Today's funders and many other social-sector stakeholders represent a new generation of "value-seekers." Rather than investing in social programs that meet some arbitrary effectiveness threshold or proffer anecdotal success stories, they want to see real changes in the outcomes they care most about, and at a reasonable cost.
One of the biggest problems in determining which programs are truly investment-worthy is that the public and social sectors lack uniform, quantitative measures against which to benchmark the value of social programs. In other words, there are no standardized performance data. Absent this, funders are unable to compare the "return on investment" (ROI) of one program versus another.
But it doesn't have to be this way. The new generation of data that is just becoming available can meet value-seekers' needs because it has these three key features:
1. On-demand: Value-seekers want immediate access to data, even if it's imperfect. They are using data upfront to inform important decisions and can't afford to wait five years for the results of a longitudinal study.
2. Predictive: Value-seekers aren't interested in retrospective data, which are typically favored by academic research. They are interested in prospective data, which allows them to project the expected "return" on one investment versus another.
3. Comparable: Value-seekers are looking for data in context. They're no longer making binary decisions about what works and what doesn't work; they seek to make relative choices about what works better. Truly standardized benchmarks enable value-seekers to make apples-to-apples comparisons, rather than sifting through a cornucopia of non-standardized measures.
But while it is more and more clear what it desired, challenges remain in producing these data. There have been attempts to standardize programs (such as the Urban Institute's National Program Classification system) and attempts to standardize metrics (for example, the US State Department's F-indicator database or the Global Impact Reporting System). But there has never been a sustained effort to standardize outcomes.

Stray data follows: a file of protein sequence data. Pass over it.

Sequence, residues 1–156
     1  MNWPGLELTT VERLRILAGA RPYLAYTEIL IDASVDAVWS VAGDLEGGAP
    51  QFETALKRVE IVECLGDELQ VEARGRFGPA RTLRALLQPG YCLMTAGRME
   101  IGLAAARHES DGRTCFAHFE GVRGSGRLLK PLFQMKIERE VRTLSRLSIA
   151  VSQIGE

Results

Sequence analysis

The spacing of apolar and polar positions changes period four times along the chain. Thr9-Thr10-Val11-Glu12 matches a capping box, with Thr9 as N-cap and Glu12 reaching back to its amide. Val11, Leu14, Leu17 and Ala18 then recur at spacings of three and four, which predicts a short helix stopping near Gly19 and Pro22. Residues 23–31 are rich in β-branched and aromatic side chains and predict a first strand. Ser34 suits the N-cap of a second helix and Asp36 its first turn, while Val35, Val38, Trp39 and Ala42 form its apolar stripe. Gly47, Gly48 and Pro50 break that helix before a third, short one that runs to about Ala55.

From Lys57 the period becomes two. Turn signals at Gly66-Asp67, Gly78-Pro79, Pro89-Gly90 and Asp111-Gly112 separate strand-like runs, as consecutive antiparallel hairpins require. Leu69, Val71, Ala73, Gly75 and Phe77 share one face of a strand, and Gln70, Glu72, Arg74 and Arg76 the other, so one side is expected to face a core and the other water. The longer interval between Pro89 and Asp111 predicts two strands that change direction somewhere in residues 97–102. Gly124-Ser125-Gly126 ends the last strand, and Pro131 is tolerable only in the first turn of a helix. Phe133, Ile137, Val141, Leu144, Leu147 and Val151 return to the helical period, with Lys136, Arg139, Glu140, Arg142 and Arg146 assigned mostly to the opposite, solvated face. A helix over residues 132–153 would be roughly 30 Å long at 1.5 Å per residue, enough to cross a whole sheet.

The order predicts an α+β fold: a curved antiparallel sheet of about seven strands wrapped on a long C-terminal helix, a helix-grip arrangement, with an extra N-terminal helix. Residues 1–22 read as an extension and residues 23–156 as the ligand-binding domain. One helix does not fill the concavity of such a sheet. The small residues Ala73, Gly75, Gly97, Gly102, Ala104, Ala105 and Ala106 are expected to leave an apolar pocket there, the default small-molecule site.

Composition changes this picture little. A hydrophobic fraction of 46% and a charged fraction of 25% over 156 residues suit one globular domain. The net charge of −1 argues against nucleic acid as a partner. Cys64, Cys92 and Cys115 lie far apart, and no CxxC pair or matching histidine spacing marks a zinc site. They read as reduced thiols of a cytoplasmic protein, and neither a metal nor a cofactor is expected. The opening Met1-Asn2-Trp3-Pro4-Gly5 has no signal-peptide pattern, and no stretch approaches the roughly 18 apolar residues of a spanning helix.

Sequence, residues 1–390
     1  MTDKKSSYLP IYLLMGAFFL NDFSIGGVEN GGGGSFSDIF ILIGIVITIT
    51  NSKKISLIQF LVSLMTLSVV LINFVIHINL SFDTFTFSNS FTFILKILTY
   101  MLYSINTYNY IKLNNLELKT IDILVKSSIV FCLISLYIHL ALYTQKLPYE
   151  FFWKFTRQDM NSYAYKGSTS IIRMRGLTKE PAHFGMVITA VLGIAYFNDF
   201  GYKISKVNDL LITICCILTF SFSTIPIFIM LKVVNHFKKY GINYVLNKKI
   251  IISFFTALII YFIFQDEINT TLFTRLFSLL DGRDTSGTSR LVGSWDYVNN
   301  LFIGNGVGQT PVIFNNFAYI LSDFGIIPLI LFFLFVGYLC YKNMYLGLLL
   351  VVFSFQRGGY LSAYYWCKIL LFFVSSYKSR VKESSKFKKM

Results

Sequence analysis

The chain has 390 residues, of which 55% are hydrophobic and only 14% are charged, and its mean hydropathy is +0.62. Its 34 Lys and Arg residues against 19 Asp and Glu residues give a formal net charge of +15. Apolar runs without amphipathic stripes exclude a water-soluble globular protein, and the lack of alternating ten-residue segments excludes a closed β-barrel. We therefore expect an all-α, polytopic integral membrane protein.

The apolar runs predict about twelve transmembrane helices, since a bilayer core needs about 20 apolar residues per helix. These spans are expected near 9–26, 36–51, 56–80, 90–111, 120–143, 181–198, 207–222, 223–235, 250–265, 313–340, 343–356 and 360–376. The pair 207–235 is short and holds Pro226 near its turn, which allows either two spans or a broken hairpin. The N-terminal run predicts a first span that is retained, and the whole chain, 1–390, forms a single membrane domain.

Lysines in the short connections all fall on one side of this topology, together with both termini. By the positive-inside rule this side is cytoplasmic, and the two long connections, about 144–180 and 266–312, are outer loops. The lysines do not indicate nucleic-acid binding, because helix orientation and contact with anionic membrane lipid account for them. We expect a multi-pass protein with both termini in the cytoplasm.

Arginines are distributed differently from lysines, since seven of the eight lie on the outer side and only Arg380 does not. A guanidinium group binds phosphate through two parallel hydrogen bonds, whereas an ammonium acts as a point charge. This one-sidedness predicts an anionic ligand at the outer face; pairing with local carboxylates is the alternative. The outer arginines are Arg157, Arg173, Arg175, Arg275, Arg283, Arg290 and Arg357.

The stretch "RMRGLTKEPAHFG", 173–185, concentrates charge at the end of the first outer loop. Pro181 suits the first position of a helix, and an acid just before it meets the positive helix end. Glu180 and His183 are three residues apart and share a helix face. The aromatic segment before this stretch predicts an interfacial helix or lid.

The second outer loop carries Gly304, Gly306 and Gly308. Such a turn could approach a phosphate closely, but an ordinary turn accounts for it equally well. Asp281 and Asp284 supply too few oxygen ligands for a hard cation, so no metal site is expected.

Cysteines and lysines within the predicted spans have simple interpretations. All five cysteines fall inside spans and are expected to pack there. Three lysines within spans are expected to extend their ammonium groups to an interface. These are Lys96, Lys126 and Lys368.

Outcomes (think: improved academic performance, reduced violence, increased health care access), offer a unifying conceptual architecture through which to view social change. Standardizing outcomes would provide the platform for universal benchmarking in the public and nonprofit sectors. While metrics are necessarily program-specific, outcomes are universal. While there are infinite ways to measure performance, there are only a finite number of outcomes. Using outcomes instead of metrics as the unit of analysis enables better comparability, explanatory power, and practicality. Across programs aimed at improving underserved children's diets, for example, we can't compare protein increases to reduced fat -- but we can measure each program's contribution to nutrition. Thus using outcomes resolves the apples-to-oranges problem by identifying the shared outcome of "nutrition" and assessing the relative contribution of apples and oranges to that end.
With standard outcomes as the foundation for more logical and efficient measurement, the social sector could stop fixating on activities and outputs, and focus on measuring and maximizing actual impact. Value-seekers would be able to quickly determine the return on their social investments and finally have the information necessary to realize the opportunities of the broader social capital market.